Moto Maker has become the software for Motorola customers who want to customize their devices, particularly the company’s flagship, the Moto X. From the beginning, Moto Maker was designed as an AT&T-exclusive software opportunity for the first month (when the device was introduced in 2013), followed by the other American carriers (at least the additional major 3: Verizon, Sprint, and T-Mobile) being allowed to use it after the exclusive timeframe had dissolved.
While it seemed like a good idea at the time for Android consumers who couldn’t get enough customization on their devices (the trademark appeal for Android), there were those within the industry who disagreed with Motorola’s strategy as a whole. One such opponent was Apple’s design star, Sir Jony Ive, who said in an interview that Motorola had relinquished its responsibility as the device designer by offering options of color, leather/Kevlar/wood/ebony/other build materials for its back covers. Apple clearly disagrees with Motorola’s strategy, which seems interesting in light of rumors that the company intends to bring a Rose Gold color option for the iPhone 6s and iPhone 6s Plus on September 9th.
In any case, tech site Android Central wrote a post this week concerning the problems with Moto Maker, particularly the fact that, with some exceptions, you can put any words on the back of the device that you want to — offensive or not. Whereas Moto Maker was once permitted for only the Moto X, Motorola has now made its label customization options available for its mid-range flagship, the Moto G.
Previously, you were limited as far as what Motorola would print on the back of your Moto X. No 4-letter words. Nothing offensive. No mucking about with trademarked names and brands. All common sense stuff. That’s changed slightly, for the good and the not-so-good.
Things have changed a little now that Moto Maker is available for the Moto G. You can fill the 14 letter slot for engraving with almost anything you can think of. Swear words, at least in English (I was able to sneak plenty of German vulgarities through) are still forbidden. Words that denigrate people, like racial slurs, are banned. The word Android is allowed, but you can’t add any letters or numbers before or after it. That’s likely a Google trademark thing Android vendors and developers have to agree with, though. In short, you can’t curse or have anything offensive printed on the back of your Moto G.
But there is a problem. Because a computer decides what’s vulgar or offensive, and someone had to sit and program all those words and phrases in there, plenty of stuff can make it through. And some things are banned that maybe shouldn’t be.
In other words, while some things are banned, there are still labels that are permitted despite their morally offensive nature. Android Central goes on to name some things that are still permitted that shouldn’t be: “…meanwhile, ‘Hitler,’ ‘Nazi,’ ‘Murder’ and ‘Genocide’ are all fine things to have printed right on the back of your phone. Maybe it’s just me, but I think Hitler hurt more people than sex ever did. That’s a problem with censorship — you’re having someone else decide what is and isn’t acceptable to you.”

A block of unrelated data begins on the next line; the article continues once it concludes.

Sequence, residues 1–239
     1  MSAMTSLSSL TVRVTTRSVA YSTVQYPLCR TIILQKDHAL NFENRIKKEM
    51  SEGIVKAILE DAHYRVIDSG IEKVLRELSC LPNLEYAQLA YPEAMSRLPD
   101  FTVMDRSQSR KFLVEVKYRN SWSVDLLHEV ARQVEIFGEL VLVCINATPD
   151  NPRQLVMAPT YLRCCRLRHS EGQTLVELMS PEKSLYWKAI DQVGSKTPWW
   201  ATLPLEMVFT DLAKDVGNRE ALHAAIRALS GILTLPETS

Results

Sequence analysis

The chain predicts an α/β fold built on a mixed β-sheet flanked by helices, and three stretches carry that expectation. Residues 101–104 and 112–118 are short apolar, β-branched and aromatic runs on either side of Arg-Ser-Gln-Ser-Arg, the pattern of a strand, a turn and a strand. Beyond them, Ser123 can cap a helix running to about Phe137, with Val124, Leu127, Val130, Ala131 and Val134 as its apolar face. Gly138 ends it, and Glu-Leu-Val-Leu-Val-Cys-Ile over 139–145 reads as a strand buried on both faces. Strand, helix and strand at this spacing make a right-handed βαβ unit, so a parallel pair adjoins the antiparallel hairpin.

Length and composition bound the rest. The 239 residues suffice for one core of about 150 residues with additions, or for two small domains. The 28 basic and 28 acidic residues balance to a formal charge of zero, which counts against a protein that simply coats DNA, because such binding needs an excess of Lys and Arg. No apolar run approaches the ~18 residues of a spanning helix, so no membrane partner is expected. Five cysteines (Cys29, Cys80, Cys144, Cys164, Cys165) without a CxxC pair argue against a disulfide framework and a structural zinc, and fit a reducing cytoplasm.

I agree. No, you can’t put the word “sex” on your Moto G or Moto X, but why should Moto Maker even allow you to have “Hitler” or “Nazi” on the back, for example? And, if murder is illegal and a crime punishable in this country, then “Murder” shouldn’t be allowed on the back, either. It is no less offensive than a woman or man who has the label “prostitute” on the back of her or his Moto G; it wouldn’t be any more acceptable than “murder” as a label, even if she or he decides to prostitute themselves for a living.
It’s important that Moto Maker solve these problems before they get out of hand. After all, what’s next? “Confederate flag,” a noun that incites racism and fear? Where will it end? Unfortunately, with the amount of depravity we have in our world, it won’t. And, when you’re Motorola, and you make Moto Maker available for customization, you have to put boundaries and borders in place.
Moto Maker isn’t a nuisance, nor is it a major problem for most individuals, but it is true that some customers like to see how far they can push the limits and publicly offend others. If these individuals feel they can get away with something offensive on their phone, they’ll put an offensive label on the Moto G just to “make a statement.” Such is the problem with Moto Maker labels or customization in general. Sometimes, as Apple’s Jony Ive believes, it pays to limit customization to the look and feel of the device — and leave it at that.